[NetBehaviour] Communication in Online Communities

Randall Packer rpacker at zakros.com
Mon Oct 5 15:42:57 CEST 2015

I want to express a note of thanks to all those who have been participating in this interesting conversation. I have also adjusted the topic because we abandoned Geert’s interview long ago. 

I think this is a fascinating and relevant discussion for NetBehaviour and I too hope it will lead to a more focused discussion that could potentially lead to action. But in the meantime, it is an important conversation, because there are many here and elsewhere who are grappling with information flows among online communities: grappling with the conservation of knowledge, the ease of access, open source issues, sharing, collaboration and transparency. Clearly there is no one way of doing this, but I would propose that rather than getting overly fixated here on the list with the technical complexities of specific software and hardware solutions, which is enough to make anyone dizzy, (I agree with Annie this may be better served in a focus group), that here in NetBehaviour there is an opportunity to think broadly about collaborative online spaces that aspire to provide an alternative to the geographical and social limitations of face to face. 

I don’t think anyone here is suggesting a radical shift away from the ease and access of email, but rather understanding what is possible and what do online communities require to serve their needs. For me, one of the main reasons to be engaged here is to get to know artists from around the world, what they are working on, their ideas, etc. But another important reason is to participate in a shared knowledge base. This was the dream of Vannevar Bush back in the 1940s with his famous essay “As We May Think,” where he discussed the idea of the “cultural record” built by online communities with their communications threads and histories and digressions. He was concerned back then with how to organize the information flow, and now 70 years later, we are still grappling with the same issue.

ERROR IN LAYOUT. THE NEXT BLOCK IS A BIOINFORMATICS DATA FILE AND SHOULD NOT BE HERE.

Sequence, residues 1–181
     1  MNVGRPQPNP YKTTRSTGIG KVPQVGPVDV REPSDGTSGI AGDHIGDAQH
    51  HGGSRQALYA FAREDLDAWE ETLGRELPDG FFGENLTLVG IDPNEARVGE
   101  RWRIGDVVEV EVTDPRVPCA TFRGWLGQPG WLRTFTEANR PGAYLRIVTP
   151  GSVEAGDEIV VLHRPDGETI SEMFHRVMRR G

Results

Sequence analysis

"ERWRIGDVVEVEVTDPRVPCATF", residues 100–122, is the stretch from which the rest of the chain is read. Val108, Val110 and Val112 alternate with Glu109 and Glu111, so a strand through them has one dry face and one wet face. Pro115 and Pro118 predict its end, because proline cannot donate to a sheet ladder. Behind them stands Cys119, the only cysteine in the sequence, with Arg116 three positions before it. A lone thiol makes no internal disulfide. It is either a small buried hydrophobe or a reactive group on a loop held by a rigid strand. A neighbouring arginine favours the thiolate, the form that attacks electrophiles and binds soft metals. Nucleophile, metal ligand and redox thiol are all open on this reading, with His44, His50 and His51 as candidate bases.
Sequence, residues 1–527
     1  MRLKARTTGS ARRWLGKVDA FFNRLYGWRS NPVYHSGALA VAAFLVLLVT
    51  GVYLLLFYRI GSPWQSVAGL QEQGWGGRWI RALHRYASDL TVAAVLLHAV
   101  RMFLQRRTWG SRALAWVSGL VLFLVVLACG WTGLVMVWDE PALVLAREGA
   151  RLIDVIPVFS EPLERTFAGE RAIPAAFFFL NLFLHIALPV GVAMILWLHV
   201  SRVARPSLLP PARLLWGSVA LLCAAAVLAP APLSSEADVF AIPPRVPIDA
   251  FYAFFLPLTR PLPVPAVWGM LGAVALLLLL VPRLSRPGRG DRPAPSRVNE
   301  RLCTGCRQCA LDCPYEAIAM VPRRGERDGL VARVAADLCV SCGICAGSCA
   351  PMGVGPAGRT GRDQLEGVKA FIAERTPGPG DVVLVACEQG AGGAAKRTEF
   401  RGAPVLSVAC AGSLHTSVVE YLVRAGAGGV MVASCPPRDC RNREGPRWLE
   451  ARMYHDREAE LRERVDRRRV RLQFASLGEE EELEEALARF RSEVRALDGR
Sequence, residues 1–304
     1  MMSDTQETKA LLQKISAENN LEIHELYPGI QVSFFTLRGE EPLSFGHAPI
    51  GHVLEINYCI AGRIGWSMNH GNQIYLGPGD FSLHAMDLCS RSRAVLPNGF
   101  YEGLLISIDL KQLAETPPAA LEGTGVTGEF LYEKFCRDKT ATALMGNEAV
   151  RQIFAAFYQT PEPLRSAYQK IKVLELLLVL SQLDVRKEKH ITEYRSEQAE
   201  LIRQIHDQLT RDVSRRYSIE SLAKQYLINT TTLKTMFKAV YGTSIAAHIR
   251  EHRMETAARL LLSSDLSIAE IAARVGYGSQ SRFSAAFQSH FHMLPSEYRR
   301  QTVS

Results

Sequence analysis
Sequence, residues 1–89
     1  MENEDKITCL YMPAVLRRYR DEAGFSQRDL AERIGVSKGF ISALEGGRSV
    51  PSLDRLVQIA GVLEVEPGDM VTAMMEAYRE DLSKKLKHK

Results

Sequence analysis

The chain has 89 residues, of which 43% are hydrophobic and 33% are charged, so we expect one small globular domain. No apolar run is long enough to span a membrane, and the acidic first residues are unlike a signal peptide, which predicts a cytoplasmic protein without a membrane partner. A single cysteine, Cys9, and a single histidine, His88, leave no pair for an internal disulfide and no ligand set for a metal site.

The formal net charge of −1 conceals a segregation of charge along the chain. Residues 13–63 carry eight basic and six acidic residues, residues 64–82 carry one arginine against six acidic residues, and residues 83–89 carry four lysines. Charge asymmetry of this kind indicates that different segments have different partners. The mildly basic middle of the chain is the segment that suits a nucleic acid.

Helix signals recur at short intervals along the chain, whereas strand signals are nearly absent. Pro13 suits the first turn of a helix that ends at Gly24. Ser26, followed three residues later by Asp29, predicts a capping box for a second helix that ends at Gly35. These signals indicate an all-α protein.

There are many important ideas embedded in this list, with trails of creative thought and production that lead in various directions. But how do you follow these trails? How do you search them? How do you distill them? Are we really using database technologically effectively to understand and organize the underlying narrative of our conversation and collaborative work? How would we ever access all the DIWO projects that have been produced here? 

These are the questions I am interested in and how they can be best served within the context of the collaborative online community of NetBehaviour. 

From:  <netbehaviour-bounces at netbehaviour.org> on behalf of Annie Abrahams
Reply-To:  NetBehaviour for networked distributed creativity
Date:  Monday, October 5, 2015 at 7:07 AM
To:  NetBehaviour for networked distributed creativity, ruth catlow
Subject:  Re: [NetBehaviour] Solutionism Re: An interview with Geert Lovink

Hi Ruth, just you  ...
I think it might be a good idea to set up a meeting with those who want to continue this conversation. Where? That's up to Ruth and Marc I think. I'll come whereever they go. (and then I decided to write to you only Ruth)
I want to be bothered less and less with testing new things, but if it's important, like staying connected to furtherfield, I will make an effort.
It's a political decision and I think you should decide wether to follow Randall's adobe or Rob's suggestion (the last one makes me afraid, bucause most things Rob proposes are complicated - but if he could make it "easy" I guess it would be fine and a nice experiment.
I can also understand it if you don't want to have such an online-live conversation now. Anyway my volunteering to be a "host" on the mailinglist stays, just tell me who and when to introduce ... (I could also ask others to be hosts, but I guess it would be better to wait until the situation of where you will go will be a bit clearer) most important question maybe Who wants to be actively involved?

bye bye

I'll have to be bothered with testing etc, because I'll have to find a new streaming interface (testing combination of opentok (is this relaiable? - I don't ask you Ruth :)) and openbroadcasting, and then find a strong server). maybe in january we will try to make it a common project with OUDEIS., maybe

On Sat, Oct 3, 2015 at 12:41 PM, ruth catlow <ruth.catlow at furtherfield.org> wrote:
Great point and idea Aharon!

>Indeed, I wonder how a change in the system might actually occur? A
changing day?

Right now- I find myself favouring the last thing anyone writes: )